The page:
Battle Island – Pre-Grenvillian Sediments

Battle Island is a small island off the east coast of Labrador. Although this island is only 16 square kilometers, Battle Island one of the few places that preserves the youngest pre-Grenvillian sediments. Why does this matter you ask? I am trying to understand the changes in the chemistry of the continental crust due to the collision of two continents. In order to properly address this question I need to collect samples from the pre-, syn-, and post-collision rocks. Although the Himalayan orogeny is a classic continental collision the collision of India with Asia is still happening. The Grenville orogeny is a perfect place to test my hypotheses because the Grenville represents a classic continental collision that completed its cycle nearly a billion years ago. Battle Island provides the perfect place to collect a sample of the youngest pre-collision sediments of the Grenville orogeny.

Battle Harbour was established in the 1770s as a fishing station. Throughout the 19th century, it was the site of a thriving saltfish, salmon, and seal-processing complex, and was the economic and social centre of southern Labrador. The once abandoned settlement has recently been given a new lease on life as a result of a 7 year restoration project undertaken by the Battle Harbour Historic Trust, and is now a major tourist destination in southern Labrador.

Aerial view of Battle Island (from Gower, 2009)

Battle Island is situated in the ~1.4-1.5 billion year old Pinware terrane which is similar to the Granite-Rhyolite Province in the US. The Pinware terrane is dominated by quartzofeldspathic gneisses and granitoids derived from subduction related processes. Directly east of the Pinware terrane on the Battle Island is a small group of supracrustal rocks (i.e. rocks derived from surficial processes). Due to subsequent Grenville and possibly Caledonide orogenies, these rocks are now metamorphosed to amphibolite facies although still preserving original sedimentary features. Rock types on Battle Island include a psammitic, calc-silicate, and semi-pelitic schist, quartzite, amphibolite, granitic pegmatite, and diabase.

To access the rocks on Battle Island, I traveled to Goosebay, Labrador and drove the long, lonely Trans-Canadian Highway to Mary’s Harbour, from which I took a ferry to Battle Harbour on the west side of Battle Island (seen above). I was accompanied by four geologists from various Canadian institutions.

Wouter Bleeker (Geol. Suv. of Canada) and Charlie Gower (Geol. Suv. of Newfoundland and Labrador)
Minke Whale

After a 45 minute ferry we came arrived at the Battle Harbour Tickle (small strait). The recently restored town looks as though it came right out of the 19th century. All wooden buildings, with most shoreside buildings on stilts. The island is completely off the grid and is now run entirely on a diesel generator. Because this operation is so expensive to maintain, in the 1960’s the Canadian government issued a relocation order for all of the permanent residents of the island. Thankfully the Battle Harbour Trust and the tourists are willing to foot the bill to preserve this historical landmark.

Arriving at Battle Island
Battle Harbour Chapel
Abandoned Boat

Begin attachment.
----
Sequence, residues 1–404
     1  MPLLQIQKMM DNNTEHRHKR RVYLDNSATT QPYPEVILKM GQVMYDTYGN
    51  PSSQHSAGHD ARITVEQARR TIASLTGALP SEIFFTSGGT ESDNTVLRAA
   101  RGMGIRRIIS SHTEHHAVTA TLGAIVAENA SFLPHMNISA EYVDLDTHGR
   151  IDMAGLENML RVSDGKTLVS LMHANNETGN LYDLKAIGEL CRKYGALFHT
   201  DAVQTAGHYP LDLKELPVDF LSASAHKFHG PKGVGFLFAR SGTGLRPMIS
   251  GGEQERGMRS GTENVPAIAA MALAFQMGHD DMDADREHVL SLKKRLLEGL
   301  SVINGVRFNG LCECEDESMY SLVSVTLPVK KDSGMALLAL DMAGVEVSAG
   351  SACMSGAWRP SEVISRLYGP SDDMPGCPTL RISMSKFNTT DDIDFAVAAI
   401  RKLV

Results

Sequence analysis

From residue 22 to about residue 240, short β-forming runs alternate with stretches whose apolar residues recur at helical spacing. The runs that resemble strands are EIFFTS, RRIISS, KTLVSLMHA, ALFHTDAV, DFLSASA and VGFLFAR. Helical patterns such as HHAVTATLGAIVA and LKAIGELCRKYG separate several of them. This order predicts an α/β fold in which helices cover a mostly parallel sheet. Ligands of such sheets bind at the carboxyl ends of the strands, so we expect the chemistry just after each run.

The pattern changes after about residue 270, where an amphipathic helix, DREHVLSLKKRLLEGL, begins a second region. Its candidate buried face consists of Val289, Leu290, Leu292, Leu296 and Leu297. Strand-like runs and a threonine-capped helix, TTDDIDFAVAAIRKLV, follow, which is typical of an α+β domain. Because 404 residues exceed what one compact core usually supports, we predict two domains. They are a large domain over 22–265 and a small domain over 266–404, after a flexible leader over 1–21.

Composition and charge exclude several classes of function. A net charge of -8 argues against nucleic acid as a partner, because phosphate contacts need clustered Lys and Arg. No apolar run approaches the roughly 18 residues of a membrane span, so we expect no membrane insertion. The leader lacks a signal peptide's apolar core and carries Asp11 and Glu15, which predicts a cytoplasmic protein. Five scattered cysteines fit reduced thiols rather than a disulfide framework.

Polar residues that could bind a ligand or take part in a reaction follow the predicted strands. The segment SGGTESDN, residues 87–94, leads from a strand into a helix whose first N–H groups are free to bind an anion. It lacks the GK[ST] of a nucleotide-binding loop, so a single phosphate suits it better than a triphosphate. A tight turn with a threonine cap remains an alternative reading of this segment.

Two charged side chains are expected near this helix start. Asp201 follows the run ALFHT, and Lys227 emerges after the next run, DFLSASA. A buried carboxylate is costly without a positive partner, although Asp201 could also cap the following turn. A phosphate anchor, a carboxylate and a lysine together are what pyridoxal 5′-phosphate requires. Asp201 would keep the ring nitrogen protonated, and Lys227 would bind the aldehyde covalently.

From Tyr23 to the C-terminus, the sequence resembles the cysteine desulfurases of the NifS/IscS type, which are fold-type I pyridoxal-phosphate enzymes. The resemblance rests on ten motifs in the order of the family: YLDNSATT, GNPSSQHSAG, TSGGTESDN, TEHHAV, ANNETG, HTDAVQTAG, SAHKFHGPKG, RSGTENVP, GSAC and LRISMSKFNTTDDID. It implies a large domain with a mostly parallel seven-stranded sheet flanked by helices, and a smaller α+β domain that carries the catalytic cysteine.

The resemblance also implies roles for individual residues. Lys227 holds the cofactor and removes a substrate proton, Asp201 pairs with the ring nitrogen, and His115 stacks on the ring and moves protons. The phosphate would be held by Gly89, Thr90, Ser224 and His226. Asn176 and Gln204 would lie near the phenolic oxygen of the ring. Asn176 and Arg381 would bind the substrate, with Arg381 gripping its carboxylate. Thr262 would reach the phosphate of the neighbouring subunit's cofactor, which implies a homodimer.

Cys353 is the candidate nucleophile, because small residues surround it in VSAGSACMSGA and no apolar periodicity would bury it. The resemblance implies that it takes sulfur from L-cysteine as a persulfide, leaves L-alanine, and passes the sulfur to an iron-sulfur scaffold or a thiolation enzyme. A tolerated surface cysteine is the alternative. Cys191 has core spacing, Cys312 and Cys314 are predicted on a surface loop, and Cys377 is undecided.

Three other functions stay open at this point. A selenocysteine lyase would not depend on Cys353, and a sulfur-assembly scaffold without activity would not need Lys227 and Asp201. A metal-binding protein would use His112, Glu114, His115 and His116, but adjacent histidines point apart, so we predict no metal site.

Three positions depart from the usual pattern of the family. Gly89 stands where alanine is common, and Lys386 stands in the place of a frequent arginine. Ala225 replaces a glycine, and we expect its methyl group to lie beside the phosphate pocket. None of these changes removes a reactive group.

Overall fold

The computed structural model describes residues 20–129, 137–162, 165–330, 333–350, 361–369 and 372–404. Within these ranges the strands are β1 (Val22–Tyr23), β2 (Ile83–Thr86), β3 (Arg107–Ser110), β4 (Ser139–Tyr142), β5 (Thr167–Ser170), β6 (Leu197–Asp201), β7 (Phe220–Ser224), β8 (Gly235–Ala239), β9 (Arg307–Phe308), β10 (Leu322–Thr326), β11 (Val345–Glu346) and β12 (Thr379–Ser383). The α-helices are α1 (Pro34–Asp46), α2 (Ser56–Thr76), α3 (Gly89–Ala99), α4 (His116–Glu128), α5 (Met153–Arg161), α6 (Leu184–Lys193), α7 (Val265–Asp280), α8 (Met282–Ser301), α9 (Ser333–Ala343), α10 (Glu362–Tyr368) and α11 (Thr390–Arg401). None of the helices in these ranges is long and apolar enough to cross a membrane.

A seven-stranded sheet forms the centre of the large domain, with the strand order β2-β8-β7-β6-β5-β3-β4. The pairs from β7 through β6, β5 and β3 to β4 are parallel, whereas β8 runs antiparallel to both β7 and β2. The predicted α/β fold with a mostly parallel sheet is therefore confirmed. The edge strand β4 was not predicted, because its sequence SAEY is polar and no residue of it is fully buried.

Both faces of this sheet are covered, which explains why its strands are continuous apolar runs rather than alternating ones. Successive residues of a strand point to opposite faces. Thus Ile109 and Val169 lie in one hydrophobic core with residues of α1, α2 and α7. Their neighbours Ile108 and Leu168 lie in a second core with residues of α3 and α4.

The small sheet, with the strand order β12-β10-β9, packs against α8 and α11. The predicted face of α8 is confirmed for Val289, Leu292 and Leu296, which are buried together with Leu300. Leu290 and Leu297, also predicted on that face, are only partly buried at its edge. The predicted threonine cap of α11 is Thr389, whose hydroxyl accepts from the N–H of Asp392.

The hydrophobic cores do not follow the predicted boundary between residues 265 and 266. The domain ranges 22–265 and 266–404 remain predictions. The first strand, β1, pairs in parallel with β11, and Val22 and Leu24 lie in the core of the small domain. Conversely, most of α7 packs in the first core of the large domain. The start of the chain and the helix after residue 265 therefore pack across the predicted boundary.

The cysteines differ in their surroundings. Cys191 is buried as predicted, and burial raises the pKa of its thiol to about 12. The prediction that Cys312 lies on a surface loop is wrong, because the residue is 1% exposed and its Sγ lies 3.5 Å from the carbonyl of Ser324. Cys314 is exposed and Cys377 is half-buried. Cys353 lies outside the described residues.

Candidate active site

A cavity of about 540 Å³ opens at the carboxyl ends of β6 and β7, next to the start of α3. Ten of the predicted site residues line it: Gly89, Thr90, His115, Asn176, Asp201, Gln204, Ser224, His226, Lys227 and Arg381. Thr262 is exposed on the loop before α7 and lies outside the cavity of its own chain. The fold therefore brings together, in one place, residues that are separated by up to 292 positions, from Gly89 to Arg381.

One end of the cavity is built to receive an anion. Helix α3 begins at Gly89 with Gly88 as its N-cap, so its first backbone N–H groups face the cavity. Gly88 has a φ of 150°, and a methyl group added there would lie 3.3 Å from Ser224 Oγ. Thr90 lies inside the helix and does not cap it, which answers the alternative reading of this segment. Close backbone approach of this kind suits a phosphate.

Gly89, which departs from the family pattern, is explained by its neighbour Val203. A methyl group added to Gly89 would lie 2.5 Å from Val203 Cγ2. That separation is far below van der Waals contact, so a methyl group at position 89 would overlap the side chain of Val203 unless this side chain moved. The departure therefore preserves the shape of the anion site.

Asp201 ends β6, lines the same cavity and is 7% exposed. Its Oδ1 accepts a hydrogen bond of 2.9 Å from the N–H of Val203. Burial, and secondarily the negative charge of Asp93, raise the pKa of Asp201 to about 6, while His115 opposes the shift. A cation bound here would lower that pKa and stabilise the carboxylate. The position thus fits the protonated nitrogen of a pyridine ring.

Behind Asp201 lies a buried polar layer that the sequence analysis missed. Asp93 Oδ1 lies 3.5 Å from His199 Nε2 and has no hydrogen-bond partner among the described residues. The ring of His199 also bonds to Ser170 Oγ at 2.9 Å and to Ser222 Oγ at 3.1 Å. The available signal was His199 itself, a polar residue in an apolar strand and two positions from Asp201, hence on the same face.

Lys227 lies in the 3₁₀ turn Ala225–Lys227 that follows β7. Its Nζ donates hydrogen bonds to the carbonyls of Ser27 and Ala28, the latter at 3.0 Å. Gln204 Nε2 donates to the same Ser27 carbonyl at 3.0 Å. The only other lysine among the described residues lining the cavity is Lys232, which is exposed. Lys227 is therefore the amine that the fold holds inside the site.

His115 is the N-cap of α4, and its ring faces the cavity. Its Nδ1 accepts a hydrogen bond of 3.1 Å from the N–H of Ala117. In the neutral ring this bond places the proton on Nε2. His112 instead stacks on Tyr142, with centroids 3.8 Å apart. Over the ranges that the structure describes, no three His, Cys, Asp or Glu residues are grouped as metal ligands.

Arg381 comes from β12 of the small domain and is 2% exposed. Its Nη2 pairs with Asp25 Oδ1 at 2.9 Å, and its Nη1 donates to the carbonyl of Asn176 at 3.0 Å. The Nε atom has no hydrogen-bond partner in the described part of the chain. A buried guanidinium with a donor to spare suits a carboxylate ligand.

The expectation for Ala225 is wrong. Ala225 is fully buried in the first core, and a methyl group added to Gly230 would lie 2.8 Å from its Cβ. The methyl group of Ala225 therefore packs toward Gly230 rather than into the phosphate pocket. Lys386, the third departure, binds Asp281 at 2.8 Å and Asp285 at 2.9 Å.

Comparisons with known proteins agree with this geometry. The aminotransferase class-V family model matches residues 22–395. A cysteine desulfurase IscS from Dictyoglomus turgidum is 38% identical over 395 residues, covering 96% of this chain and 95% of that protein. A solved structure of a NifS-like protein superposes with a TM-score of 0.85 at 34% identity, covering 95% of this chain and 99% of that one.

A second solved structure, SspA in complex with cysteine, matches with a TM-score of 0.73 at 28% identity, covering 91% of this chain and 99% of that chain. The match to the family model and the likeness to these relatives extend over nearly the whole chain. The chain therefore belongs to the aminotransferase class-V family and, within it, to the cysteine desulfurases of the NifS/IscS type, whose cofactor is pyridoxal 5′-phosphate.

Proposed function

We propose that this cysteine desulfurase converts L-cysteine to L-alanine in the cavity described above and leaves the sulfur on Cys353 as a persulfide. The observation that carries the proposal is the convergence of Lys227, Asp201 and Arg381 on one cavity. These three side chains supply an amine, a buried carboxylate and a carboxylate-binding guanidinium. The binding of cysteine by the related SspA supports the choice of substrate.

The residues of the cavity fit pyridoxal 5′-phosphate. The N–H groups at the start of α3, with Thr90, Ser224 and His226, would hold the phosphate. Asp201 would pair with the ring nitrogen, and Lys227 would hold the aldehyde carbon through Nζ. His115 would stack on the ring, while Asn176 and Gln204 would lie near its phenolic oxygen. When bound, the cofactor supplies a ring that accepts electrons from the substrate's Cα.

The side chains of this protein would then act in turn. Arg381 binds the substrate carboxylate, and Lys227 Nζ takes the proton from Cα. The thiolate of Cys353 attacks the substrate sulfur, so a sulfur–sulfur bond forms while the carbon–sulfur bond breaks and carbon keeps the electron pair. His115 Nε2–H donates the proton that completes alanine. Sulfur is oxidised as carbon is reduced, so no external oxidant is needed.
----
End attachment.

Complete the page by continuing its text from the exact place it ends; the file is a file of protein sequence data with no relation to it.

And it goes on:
Plane wreck near the islands highest point
The metasedimentary rocks on the island are probably associated with an intracratonic basin the formed following the Pinwarian orogeny. However, the contact of the Battle Island units and the Pinwarian terrane is not observed. Given the intense mountain building processes at work during the Grenville orogeny, it is incredible to think that these rocks were preserved. The metamorphism of these rocks have produced some interesting mineral assemblages (especially in the calc-silicates) such as diopside, grossular garnet, tremolite, and leucoxene. The granitic pegmatites also have some very interesting mineralogies including occurrences of amazonite, fluorite, and pyrite. More about these rocks can be found in an excellent publication by Charlie Gower from the Geol Surv of Newfoundland and Labrador here.

Calc-silicate schist and pegmatite veins on the beach
Amazonite
Folded granitic vien
Despite the interesting mineral occurrences, I came for the relatively boring quartzites and psammites. The majority of the quartz-rich metasedimentary rocks are heavily deformed although preserved sedimentary features (e.g. cross beds) are present throughout the island.
Low-angle cross beds indicative of subaqueous fluid transport
Contact between amphibolite and pegmatite/calc-silicate schist
Note the quaint little cemetery in the background

No trip to Canada would be complete without partaking in the bounty only to be found in the great Maple Leaf country. In Labrador, there is a berry especially treasured: bakeapples. No they are not apples nor are they baked. Also known as cloud berries, these rhizome are similar to raspberries and blackberries but are much sweeter and more tart. Bakeapples can withstand extremely cold temperatures, even well below -40°C. The only reason I am take so much time to describe these berries is because they are a big deal to the Labradorians. Bakeapples are a well sought after delicacy. Because bakeapples are not cultivated with much success they are very expensive (~$7/lb). I was lucky enough to find a few wild bunches that were not picked over.

Labradorian “bakeapples” or cloud berries

Lastly, the glorious poutine. Take crispy fries, smother them with brown gravy, and sprinkle cheese curds on top and voila: poutine. The Canadians mocked me, but every chance I got I had to order this artery clogging, cholesterol rising, Canadian goodness.

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